By Cassy Fiano-Chesser
Azealia Banks, a singer, songwriter, and rapper, sent a series of disturbing messages on Instagram over the weekend, indicating a desire for voluntary euthanasia, even though she is not physically ill in any way. Banks, who is 29, originally gained attention when she posted music on MySpace in 2008, eventually gaining a record deal, launching an online store, and acting in a feature film. But a recent string of suicidal messages has fans concerned for her well-being.
Banks posted to her Instagram stories, saying the effects of quarantine have brought her to a breaking point.
“Yea, I think I’m done here,” she wrote. “This pandemic, extreme lack of social interaction, no intimacy, combined with constant public ridicule is making life harder than its worth. I think I will end my tenure here on earth soon.” She continued with another post saying she would document her last months for her fans.
“I’m not begging for attention or asking for sympathy/empathy,” she continued. “I’m just ready to go. Peacefully of course. I will document my last times and release a film for you all to finally understand me, from my perspective.”
In her final post, she wrote, “My soul is tired. I’m ready to go.”
Some fans expressed concern about Banks’ possible substance abuse, as audio of her slurred speech was played over the text. “I just had a friend come and do a welfare check on me. I’m fine, I promise you, I’m fine. I’m not scared,” she said. “But my decision is made. The decision is made, you know. I’m just gonna try to push through these next couple months. Business and pleasure, you know.”
She followed up by saying, “I’m going to start looking for voluntary euthanasia options because, you know, I don’t have any more defense. I don’t deserve to be down here being ridiculed and having my ideas stolen. I’d rather die a hero than some b—-h that people continue to make fun of.”
Banks also pleaded with fans not to intervene, reiterating that she feels ready to die. “Please, please, please don’t get in my DMs, don’t send me messages,” she said. “I know, that’s fine, you love me, that’s great, but don’t send me messages about how you care. When I’m in trouble, when I’ve been, like, screaming and shouting that I’ve been in trouble for a long time, and asking for help for a long time. Don’t just respond to me when I’m ready to go. I’m really just ready to go. I’m ready to go.”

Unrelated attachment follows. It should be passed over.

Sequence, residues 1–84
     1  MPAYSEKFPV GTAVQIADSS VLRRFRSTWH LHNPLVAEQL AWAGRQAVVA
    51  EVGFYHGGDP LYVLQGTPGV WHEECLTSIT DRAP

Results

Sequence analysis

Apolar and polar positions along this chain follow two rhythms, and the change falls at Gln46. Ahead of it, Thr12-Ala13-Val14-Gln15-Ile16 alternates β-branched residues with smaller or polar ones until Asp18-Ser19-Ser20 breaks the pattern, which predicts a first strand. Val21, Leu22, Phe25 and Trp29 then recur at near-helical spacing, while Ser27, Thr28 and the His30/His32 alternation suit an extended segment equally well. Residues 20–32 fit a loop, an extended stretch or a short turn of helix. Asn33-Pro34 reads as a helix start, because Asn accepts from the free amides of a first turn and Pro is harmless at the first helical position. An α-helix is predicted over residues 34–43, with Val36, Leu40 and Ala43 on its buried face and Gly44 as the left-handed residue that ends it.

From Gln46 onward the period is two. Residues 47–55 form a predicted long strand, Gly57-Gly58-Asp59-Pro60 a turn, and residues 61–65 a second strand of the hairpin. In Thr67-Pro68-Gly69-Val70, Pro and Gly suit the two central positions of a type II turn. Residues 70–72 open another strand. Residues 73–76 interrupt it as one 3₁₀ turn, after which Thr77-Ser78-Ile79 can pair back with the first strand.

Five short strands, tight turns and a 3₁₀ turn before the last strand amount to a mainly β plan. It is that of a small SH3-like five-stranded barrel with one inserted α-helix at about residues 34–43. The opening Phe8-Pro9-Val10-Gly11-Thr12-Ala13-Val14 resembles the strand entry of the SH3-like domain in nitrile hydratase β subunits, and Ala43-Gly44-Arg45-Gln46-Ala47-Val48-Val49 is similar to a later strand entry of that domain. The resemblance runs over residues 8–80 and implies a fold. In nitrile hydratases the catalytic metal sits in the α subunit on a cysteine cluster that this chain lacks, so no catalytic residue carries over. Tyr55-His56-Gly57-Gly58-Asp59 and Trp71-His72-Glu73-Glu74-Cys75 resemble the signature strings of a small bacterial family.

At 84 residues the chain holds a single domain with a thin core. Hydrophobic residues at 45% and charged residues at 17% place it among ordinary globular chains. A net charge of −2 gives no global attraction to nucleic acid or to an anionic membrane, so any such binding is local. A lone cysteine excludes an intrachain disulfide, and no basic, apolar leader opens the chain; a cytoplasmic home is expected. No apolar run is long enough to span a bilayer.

While it’s unclear if Banks has since changed her mind, she posted a new message on Instagram late Sunday evening, writing, “I’m fine, better than I was before.” Banks hopefully will not choose to undergo assisted suicide, but the disturbing reality is that it would be all too easy for her to do so, even though she is not physically ill.
In Europe, assisted suicide and euthanasia have become widespread. In the Netherlands, an estimated 1 in 20 deaths are now due to euthanasia, with one person euthanized due to mental illness every week. In Switzerland, one assisted suicide facility allows healthy people to kill themselves, profiting from euthanasia tourism. Europeans have been euthanized for being transgender, for suffering from anorexia, for being autistic, for having disabilities, and for being addicts. Still others have been legally killed because they lost their looks, were elderly, or felt they were a burden on their families. In Canada, people are now taking part in euthanasia for loneliness and “emotional distress.”
Banks is an example of someone clearly in crisis, yet in any number of foreign countries, she could legally kill herself. Death is not a treatment for depression or loneliness, or for any other condition. Society rightly mourns suicide – except when the culture of death glamorizes it for profit or paints it as a merciful or even empowering act.
People like Azealia Banks deserve to get the help they need, not to be encouraged to legally end their lives through euthanasia and assisted suicide.
Editor’s note. This appeared at LiveActionNews and is reposted with permission.